Ehrman himself admits to the likely scenario that Tacitus was using hearsay, and he is led to this conclusion by the additional fact that Tacitus refers to Pilate as “procurator,” the term in use for a provincial governor in Tacitus’ day, whereas in Pilate’s day it was “prefect.” Despite arguments that the term was “fluid” in the latter’s time (dependent on usages outside Roman historians and writers in Latin), the two terms actually referred to different offices, and it seems to be the case that in Judea both were held by Pilate. “Prefect” was the higher office (military commander as opposed to a financial officer), and is the one given to Pilate on the stone inscription referred to earlier. It would be virtually impossible that any formal report from Pilate would identify him by the inferior term, and thus if Tacitus were consulting an archive he could hardly have made his mistake.
The Question of Authenticity
But all this may be moot. Once again, Ehrman denigrates mythicists for their alleged practice of simply declaring inconvenient passages as Christian interpolations: they don’t want there to be any references to Jesus, he says, so out they go. But in the case of Tacitus, there is very good reason to do so, and in Jesus: Neither God Nor Man I spend 25 pages presenting an argument in this direction. Ehrman makes not the slightest reference to it, let alone tries to rebut it.
The mythicist case that Ehrman avoided
It can be simply stated.
- For the next 300 years, no Christian commentator makes any reference to Nero’s slaughter of the Roman Christians for setting the Great Fire. Not just to Tacitus’ account of such an event, but to the event itself as something known in Christian tradition. That it would not be known is impossible. That it would not be referred to in any connection is almost equally impossible. Christians in those early centuries were fixated on the fact and history of their martyrdom. A great literature of martyrology was produced in that time, even if a lot of it was fiction or exaggeration. Eusebius (the pre-eminent church historian!) can refer to the martyrdoms of Peter and Paul at the hands of Nero, but he fails to include the array of Christian residents of Rome and makes no link of anything to the Great Fire.
- Now, there is in Eusebius, and in the earlier Tertullian whom he quotes, as well as in the odd writer like Melito of Sardis, a vague allusion to Christians in general being put upon by Nero, but never with any specifics given, and certainly nothing even suggesting the scale of the event in Tacitus.
- Tertullian, a man obsessed with the issue of martyrdom and the only one to suggest that Nero’s persecution of Christians was particularly sanguinary, says that it was “the singular excellence of Christians (which) brought on Nero’s condemnation” (Apology 5). No mention of the Fire, and no details given to illuminate his remark that “Nero was the first who assailed with the imperial sword the Christian sect.” He suggests that the Romans consult the “records” about this which he says they possess in the same breath as mentioning the report of Tiberius becoming convinced of Jesus’ divinity due to information about his death from Palestine (is this the alleged ‘Letter of Pilate’?), and later making reference to the Roman ‘record’ of the world-wide darkness at Jesus’ crucifixion!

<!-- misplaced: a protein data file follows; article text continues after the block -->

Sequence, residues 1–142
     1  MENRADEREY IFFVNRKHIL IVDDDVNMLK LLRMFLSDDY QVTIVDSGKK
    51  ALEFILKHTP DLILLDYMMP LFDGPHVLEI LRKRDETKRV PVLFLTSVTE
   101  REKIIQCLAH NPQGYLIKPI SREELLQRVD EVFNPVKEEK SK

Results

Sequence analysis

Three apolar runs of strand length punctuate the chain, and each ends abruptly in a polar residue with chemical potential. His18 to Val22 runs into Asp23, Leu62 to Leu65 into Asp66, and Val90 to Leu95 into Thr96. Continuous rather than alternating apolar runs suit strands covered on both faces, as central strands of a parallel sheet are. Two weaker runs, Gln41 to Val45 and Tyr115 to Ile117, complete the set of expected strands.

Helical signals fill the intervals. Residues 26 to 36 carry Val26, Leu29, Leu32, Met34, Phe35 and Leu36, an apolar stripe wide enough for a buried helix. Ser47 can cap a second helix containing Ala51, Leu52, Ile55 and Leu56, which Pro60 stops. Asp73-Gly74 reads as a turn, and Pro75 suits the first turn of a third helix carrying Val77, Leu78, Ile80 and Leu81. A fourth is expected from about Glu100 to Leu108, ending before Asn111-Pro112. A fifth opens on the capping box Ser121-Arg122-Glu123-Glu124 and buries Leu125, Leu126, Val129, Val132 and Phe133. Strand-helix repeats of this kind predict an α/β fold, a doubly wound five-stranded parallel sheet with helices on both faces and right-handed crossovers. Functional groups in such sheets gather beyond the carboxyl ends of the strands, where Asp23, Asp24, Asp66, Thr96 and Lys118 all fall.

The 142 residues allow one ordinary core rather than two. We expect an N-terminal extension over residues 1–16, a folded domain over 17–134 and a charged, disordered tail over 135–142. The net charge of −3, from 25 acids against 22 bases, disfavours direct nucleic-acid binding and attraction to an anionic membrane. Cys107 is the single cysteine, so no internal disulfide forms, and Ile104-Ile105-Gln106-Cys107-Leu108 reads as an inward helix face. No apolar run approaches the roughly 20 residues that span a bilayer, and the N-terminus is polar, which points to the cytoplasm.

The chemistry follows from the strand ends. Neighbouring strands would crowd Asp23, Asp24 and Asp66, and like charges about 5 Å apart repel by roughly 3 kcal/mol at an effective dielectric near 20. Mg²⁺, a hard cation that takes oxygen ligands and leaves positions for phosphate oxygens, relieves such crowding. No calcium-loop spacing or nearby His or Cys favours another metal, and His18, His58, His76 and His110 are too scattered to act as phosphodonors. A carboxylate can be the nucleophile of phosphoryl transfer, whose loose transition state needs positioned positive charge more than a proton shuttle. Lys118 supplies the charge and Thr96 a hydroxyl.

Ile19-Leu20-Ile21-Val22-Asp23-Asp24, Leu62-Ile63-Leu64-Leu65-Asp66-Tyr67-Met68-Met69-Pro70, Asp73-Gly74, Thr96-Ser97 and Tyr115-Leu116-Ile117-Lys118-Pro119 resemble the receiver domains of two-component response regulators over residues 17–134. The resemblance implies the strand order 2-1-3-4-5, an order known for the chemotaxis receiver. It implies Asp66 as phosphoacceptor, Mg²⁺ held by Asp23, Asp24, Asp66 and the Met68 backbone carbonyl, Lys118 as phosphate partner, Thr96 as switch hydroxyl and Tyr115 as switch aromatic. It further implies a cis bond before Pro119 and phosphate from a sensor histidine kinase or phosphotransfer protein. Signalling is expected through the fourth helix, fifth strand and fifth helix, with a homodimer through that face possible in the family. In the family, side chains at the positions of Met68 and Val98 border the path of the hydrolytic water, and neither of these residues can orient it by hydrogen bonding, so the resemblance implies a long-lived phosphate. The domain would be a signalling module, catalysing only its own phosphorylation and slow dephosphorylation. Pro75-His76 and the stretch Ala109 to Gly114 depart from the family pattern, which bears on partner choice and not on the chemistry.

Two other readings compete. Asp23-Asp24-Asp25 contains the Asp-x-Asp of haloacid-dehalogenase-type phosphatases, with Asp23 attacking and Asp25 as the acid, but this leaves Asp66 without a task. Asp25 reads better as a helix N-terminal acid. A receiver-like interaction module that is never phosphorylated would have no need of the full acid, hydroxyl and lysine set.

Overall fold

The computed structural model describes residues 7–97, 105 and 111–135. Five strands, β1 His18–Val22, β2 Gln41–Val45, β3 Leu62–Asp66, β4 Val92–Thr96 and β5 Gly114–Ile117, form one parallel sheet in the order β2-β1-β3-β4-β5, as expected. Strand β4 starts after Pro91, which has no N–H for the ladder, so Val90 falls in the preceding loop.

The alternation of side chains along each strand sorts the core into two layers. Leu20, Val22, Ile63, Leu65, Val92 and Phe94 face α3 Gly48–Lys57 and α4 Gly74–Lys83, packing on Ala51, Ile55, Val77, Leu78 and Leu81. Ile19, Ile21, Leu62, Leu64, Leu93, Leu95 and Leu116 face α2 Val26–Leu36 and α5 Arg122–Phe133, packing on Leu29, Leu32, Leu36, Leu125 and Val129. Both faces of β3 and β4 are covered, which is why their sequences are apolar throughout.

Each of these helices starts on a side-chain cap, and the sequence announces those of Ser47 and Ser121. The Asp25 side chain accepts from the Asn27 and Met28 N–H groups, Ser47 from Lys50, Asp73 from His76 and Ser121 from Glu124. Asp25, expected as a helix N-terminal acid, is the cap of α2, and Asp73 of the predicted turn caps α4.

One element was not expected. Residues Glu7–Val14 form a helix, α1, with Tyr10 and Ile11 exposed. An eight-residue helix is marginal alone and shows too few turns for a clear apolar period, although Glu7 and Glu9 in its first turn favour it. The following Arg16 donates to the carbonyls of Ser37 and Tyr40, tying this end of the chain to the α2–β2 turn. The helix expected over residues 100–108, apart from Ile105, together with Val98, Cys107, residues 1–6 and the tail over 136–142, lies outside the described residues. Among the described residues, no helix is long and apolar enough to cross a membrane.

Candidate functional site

These sorts of remarks, some of them so mild as to be unidentifiable with anything resembling Tacitus (see Melito as quoted by Eusebius in H.E. IV, 26), can be put down to either vague traditions of a minor event of persecution under Nero about which no details were remembered, or simply nothing at all but a tendency to regard Nero (who came to be prophesied as the future embodiment of the Antichrist and due to return at the End-time to persecute the faithful) as having been a persecutor in his first life.
Accounting for the tradition?
- On the other hand, the entire tradition may have arisen as a result of Nero’s alleged persecution of Peter and Paul, whose legends of martyrdom in Rome developed around the middle of the second century. (1 Clement at the end of the first is less than precise even about martyrdoms for the two figures, let alone that such took place in Rome.) Indeed, Tertullian conveys this very thing in Scorpiace 15 and elsewhere, that his concept of persecution by Nero is basically limited to the martyrdoms of Peter and Paul and perhaps a few of their companions; and the same goes for Eusebius (H.E. II,22).
The silence of the historians
- The record in Roman historians is also curiously silent.
- Cassius Dio at the beginning of the third century has an account of the Fire, but puts the responsibility on Nero, with no mention of Christians or their ghastly persecution.
- Suetonius, in his Life of Nero, details the Great Fire (ch.38) with not a word about the Christians or their responsibility for it, nor about their infamous punishment. Earlier, in chapter 16, amid a list of measures taken by Nero to curb such problems as improper eating in public establishments, chariot drivers who cheated and robbed ordinary citizens, and pantomimic actors who had to be expelled from Rome, Suetonius makes this cryptic statement: